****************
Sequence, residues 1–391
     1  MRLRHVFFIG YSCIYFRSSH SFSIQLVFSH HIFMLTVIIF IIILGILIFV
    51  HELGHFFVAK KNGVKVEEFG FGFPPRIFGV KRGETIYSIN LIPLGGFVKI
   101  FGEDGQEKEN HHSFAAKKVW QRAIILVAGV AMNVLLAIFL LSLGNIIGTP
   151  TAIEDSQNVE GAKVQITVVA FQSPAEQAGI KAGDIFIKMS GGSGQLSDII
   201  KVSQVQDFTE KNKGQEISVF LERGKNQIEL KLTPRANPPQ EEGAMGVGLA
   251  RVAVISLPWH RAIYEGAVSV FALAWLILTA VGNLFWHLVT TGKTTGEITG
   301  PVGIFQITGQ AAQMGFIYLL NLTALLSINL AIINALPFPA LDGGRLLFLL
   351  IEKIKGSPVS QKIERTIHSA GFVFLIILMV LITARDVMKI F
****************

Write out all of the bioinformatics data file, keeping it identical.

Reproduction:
Sequence, residues 1–391
     1  MRLRHVFFIG YSCIYFRSSH SFSIQLVFSH HIFMLTVIIF IIILGILIFV
    51  HELGHFFVAK KNGVKVEEFG FGFPPRIFGV KRGETIYSIN LIPLGGFVKI
   101  FGEDGQEKEN HHSFAAKKVW QRAIILVAGV AMNVLLAIFL LSLGNIIGTP
   151  TAIEDSQNVE GAKVQITVVA FQSPAEQAGI KAGDIFIKMS GGSGQLSDII
   201  KVSQVQDFTE KNKGQEISVF LERGKNQIEL KLTPRANPPQ EEGAMGVGLA
   251  RVAVISLPWH RAIYEGAVSV FALAWLILTA VGNLFWHLVT TGKTTGEITG
   301  PVGIFQITGQ AAQMGFIYLL NLTALLSINL AIINALPFPA LDGGRLLFLL
   351  IEKIKGSPVS QKIERTIHSA GFVFLIILMV LITARDVMKI F